Updates to the UCC

Changes to UCC Searches & UCC Filings

The Uniform Commercial Code (UCC) is a set of recommendations governing commercial transactions created by the American Law Institute and the National Conference of Commissioners on Uniform State Laws (Uniform Law Commission).  The UCC is widely considered one of the most influential and important legal documents in the United States, and it has informed laws in 49 states and some U.S. territories since 1952.  Since its initial publication, the UCC has been revised and amended a number of times.


The Code is divided into a number of transaction areas (known as articles).  The original nine articles have now expanded to eleven.  Article 2, a well-known and lengthy article about contract formation, precedes Article 2A, approved in 1987.  Article 2A addresses leases of personal property, such as leasing a vehicle.


In 1989, drafters added Article 4A, which regulates the issuance, acceptance, and payment of electronic funds transfers.  Article 9, concerning transactions where personal property is used as security for a loan or extension of credit, was revised in 2010.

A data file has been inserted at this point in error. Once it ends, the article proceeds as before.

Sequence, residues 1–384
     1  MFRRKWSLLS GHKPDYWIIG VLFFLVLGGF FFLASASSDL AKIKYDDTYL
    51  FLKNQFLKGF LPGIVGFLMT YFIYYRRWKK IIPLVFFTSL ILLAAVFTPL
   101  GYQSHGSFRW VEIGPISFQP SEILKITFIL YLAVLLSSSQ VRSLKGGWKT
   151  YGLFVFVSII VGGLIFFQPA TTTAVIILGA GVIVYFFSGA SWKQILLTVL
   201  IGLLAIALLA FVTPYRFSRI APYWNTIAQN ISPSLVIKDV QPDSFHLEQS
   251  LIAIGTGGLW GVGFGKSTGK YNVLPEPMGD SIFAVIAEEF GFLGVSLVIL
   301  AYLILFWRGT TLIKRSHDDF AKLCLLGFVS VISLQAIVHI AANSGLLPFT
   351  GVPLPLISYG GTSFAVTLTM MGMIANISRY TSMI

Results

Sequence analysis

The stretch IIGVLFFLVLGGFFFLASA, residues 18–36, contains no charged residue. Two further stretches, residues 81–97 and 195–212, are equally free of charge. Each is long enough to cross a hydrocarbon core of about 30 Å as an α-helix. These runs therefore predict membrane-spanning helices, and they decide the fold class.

Some revisions have been necessary to keep up with changing technology.  For example, scholars reviewed and revised Article 2 for ten years to address issues relating to electronic commerce.  The two drafting organizations disagreed about the types of protections to provide for consumers in digital transactions and each drafted their own uniform laws.  No states have enacted these revisions.


Other revisions have addressed obsolete portions of the UCC.  For example, in 1989, the Uniform Law Commission recommended that Article 6, which addresses “bulk sales”, be deleted.  Article 6 provided protection to creditors of merchants who sell merchandise from stock.  Historically, a proprietor could sell a large part of inventory to a buyer and abscond with the proceeds.  Article 6 required creditors to be provided with notice for such a sale.

However, the credit risks today are different, because creditors can evaluate the credit worthiness of business owners and pursue them for debt repayment with greater ease than in years past.

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